Discover more from The Mill
Has a ‘zombie newspaper’ just dropped through your letterbox?
The New Statesman exposes a worrying trend. Plus: We’re hiring!
Dear Millers — welcome this week’s briefing on a very windy Monday. As we put this edition together, we could hear the strange, dystopian humming noise coming from the Beetham Tower, a sound that evokes a feeling of dread or perhaps portends danger ahead.
Is that the case? Is famine or war about to descend on the land? By the time you finish reading this edition, you will be fully briefed on any upcoming threats and will also be armed with recommendations for things to do, eat and read in the intervening days.
Our big story is about “zombie newspapers” that are cropping up to take the place of legitimate local news. The New Statesman has been investigating these titles in Manchester and even in the High Peak. On a more positive note, the magazine has highlighted us — little us! — as a bright spot in the local news ecosystem. Business Editor Will Dunn writes:
“Not everything that grows on the bombsite of local news is a weed, however. Back in Manchester, the Mill, an email newsletter of local news launched during lockdown, has grown into a business currently turning over around half a million pounds a year…”
Plus, Manchester Art Fair kicks off this weekend and we recommend some great klezmer and Balkan music you can go and dance along to.
Over the weekend, we published an in-depth look at the effects of the conflict in Israel and Gaza on communities in Manchester, one of the most diverse cities on Earth. “People in positions of responsibility are doing the right thing,” one senior Muslim councillor told us, “but the tensions are out there in the neighbourhoods.”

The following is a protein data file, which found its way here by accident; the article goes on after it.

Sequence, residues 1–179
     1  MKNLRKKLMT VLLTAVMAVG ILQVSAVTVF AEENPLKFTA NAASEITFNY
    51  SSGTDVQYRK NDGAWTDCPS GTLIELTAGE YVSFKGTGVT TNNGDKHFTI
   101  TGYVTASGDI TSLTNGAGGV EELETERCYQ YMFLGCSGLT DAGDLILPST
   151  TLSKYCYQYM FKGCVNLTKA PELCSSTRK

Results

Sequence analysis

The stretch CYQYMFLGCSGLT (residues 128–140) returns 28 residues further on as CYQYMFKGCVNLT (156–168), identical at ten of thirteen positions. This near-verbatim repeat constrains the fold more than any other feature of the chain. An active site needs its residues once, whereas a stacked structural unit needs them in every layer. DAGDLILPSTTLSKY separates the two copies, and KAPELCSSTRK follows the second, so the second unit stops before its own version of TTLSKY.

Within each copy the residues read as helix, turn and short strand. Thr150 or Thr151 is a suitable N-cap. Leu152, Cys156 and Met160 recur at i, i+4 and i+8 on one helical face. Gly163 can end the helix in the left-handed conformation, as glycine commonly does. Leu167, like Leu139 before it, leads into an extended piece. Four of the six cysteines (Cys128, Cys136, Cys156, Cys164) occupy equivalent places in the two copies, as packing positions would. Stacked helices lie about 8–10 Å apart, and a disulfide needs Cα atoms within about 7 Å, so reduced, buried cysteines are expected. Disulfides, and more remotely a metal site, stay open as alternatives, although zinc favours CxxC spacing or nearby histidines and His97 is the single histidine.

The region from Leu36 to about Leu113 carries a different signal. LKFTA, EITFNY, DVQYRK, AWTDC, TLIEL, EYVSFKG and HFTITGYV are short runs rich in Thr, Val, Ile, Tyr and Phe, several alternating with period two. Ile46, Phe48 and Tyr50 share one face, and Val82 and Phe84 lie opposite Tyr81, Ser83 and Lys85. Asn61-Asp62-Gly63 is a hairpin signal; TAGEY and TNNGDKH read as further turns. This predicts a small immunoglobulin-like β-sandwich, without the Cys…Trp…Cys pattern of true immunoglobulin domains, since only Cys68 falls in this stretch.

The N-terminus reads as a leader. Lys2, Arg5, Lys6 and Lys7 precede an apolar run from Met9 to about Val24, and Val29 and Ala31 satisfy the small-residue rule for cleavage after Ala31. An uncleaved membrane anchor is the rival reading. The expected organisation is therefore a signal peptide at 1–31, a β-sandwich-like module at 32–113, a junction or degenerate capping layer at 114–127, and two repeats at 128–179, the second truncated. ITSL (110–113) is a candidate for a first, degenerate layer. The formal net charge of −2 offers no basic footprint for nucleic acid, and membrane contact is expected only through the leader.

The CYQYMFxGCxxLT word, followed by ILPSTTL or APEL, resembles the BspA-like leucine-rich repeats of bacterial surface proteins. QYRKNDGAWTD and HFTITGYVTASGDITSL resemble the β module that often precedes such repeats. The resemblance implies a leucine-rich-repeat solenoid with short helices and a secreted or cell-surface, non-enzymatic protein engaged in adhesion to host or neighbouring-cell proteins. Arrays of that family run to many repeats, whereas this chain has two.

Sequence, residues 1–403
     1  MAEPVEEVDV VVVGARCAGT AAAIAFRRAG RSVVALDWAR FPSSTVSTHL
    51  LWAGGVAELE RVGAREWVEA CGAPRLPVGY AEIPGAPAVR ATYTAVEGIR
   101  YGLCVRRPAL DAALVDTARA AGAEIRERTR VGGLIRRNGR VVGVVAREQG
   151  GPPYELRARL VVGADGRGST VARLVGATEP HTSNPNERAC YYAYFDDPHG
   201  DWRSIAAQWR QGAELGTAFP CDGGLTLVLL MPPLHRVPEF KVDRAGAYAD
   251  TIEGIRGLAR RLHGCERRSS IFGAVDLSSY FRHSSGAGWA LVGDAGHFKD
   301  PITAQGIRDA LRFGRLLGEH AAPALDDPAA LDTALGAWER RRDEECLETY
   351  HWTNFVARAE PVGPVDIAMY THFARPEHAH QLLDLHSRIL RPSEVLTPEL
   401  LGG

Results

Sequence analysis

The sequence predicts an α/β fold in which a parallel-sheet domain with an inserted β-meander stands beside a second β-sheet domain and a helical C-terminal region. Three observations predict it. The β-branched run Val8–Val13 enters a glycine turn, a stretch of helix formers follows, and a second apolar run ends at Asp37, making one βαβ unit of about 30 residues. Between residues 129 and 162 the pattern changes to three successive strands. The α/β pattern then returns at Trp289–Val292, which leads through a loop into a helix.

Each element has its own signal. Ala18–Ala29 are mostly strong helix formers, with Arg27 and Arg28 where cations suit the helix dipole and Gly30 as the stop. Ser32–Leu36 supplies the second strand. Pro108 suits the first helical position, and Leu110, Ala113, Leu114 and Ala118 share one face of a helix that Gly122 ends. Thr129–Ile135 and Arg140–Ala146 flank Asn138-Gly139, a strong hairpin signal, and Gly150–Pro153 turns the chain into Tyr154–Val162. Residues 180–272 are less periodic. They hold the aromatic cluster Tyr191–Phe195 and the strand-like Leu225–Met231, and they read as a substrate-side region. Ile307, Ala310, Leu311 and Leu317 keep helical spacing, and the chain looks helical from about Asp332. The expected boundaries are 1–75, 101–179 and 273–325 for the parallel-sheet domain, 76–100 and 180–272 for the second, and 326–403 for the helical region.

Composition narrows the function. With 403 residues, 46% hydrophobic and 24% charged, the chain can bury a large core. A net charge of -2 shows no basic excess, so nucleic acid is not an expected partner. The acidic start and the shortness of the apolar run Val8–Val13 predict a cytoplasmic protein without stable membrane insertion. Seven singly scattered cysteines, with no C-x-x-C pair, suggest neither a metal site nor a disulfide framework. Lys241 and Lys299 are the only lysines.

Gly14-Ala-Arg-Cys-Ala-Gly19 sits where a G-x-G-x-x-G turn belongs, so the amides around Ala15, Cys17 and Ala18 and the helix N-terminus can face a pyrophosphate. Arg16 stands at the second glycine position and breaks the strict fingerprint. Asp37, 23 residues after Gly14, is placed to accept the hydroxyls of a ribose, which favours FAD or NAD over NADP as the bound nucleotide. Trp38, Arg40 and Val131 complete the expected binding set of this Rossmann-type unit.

“Just to say thanks for writing this,” Mill member Mike France wrote in. “It is so important to have well informed pieces like this in the midst of the ‘bought and paid for’ views promoted in the mainstream press.” Read the full story below.
🚨 We’re hiring: We’re looking for someone with lots of of energy and initiative to join us as our Marketing and Events Assistant, taking the lead on social media and helping organise events for Mill readers. It’s a varied role that will suit someone who is exceptionally organised and could see themselves growing into a senior marketing role in the future. The deadline is in just over a week, and we would be very grateful if you could share the link with anyone you know who might be interested. Apply here.